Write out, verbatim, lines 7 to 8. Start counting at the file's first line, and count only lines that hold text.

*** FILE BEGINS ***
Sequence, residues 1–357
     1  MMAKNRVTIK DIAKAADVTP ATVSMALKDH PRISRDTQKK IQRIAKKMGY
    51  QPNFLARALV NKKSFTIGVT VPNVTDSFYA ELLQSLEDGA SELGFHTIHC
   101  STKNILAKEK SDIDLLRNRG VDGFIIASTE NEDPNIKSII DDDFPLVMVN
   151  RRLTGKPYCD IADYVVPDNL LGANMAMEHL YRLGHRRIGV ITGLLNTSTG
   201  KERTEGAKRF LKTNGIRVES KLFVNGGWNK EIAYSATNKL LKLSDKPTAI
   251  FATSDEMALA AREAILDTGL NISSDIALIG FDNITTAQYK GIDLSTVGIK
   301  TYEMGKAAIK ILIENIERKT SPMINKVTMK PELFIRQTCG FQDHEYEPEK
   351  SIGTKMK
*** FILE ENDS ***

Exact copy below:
   251  FATSDEMALA AREAILDTGL NISSDIALIG FDNITTAQYK GIDLSTVGIK
   301  TYEMGKAAIK ILIENIERKT SPMINKVTMK PELFIRQTCG FQDHEYEPEK